• Saprozoic feeding (ingestion of soluble food) may be by pinocytosis or by transport of solutes across the cell membrane.

Excretion and osmoregulation
Excretion and Osmoregulation

  • Contractile vacuoles fill with fluid and then expel the fluid outside the cell.

    • Function in osmoregulation.

    • More common in freshwater species.


  • Fission is the cell multiplication process in protozoa.

    • Binary fission – one individual splits into two equal sized individuals.

    • Budding – progeny cell much smaller than parent.

    • Multiple fission – multiple nuclear divisions followed by multiple cytoplasmic divisions producing several offspring.


  • All of above accompanied by some form of mitosis.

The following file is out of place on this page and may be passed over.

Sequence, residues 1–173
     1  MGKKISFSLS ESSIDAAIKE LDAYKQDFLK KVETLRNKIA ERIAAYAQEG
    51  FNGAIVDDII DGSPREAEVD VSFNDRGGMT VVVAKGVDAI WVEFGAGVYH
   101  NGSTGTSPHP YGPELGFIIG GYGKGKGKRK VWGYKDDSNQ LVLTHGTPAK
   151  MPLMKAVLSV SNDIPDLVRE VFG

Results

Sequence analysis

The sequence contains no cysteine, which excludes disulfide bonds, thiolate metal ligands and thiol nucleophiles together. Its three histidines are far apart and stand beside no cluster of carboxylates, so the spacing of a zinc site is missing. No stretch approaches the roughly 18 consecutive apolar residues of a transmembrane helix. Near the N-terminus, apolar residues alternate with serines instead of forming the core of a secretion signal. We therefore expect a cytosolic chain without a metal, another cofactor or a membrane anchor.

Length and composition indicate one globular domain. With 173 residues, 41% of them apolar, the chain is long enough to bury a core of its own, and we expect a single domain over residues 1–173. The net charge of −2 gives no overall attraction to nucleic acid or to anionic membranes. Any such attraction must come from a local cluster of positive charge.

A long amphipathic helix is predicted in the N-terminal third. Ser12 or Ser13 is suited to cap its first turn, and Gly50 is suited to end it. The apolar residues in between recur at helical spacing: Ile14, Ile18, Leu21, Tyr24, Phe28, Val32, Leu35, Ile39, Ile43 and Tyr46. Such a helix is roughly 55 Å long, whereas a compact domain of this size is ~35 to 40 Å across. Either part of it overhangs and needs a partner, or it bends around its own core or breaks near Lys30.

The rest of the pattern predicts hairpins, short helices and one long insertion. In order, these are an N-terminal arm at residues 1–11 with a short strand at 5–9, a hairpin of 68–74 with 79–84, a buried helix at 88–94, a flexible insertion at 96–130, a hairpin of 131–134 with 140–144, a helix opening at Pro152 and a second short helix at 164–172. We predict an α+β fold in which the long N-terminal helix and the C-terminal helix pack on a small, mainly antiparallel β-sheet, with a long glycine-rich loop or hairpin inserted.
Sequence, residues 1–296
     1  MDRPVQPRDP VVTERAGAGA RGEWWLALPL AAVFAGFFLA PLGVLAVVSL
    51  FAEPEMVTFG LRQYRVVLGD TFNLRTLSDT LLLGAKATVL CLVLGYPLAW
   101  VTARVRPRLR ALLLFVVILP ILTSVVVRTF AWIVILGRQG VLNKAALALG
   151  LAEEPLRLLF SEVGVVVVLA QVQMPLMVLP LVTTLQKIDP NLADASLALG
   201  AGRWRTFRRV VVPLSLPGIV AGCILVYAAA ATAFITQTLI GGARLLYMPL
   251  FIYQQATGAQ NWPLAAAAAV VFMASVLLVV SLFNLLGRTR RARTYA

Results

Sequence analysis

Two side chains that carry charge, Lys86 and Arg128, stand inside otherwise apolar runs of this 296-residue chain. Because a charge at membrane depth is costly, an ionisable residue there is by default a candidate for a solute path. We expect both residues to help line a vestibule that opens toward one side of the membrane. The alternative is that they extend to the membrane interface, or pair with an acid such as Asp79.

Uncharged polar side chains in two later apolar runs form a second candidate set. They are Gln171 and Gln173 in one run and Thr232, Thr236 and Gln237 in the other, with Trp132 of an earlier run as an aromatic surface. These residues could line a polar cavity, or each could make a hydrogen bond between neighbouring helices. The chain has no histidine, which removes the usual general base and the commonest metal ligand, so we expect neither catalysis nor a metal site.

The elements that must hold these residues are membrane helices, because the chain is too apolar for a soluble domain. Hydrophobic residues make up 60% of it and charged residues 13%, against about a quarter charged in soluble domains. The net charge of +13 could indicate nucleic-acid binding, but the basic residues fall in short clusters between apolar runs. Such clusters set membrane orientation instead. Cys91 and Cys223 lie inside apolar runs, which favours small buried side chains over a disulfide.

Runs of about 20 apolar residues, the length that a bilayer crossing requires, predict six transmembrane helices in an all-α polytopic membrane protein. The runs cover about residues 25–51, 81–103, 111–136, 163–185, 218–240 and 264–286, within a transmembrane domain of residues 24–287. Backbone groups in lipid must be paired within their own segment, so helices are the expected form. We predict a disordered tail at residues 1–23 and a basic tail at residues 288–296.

• Mitosis in protozoa divisions varies from metazoan mitosis.

      • Nuclear membrane often persists.

      • Spindle may form within the nuclear membrane.

      • Centrioles not observed in ciliates.

      • Macronucleus of ciliates elongates, constricts, and divides without mitosis (amitosis).


  • Many types of protists reproduce sexually as well as asexually.

    • Isogametes – all look alike.

    • Anisogametes – two different types.

  • Syngamy – gametes from two individuals fuse to form the zygote.

  • Autogamy – gametes from one individual fuse.

  • Conjugation – gametic nuclei are exchanged.


  • Many protists are able to survive harsh conditions through the formation of cysts, dormant forms with resistant outer coverings and a shutdown of metabolism.

Major protozoan taxa
Major Protozoan Taxa

  • After the eukaryotic cell evolved, diversification followed, resulting in many clades.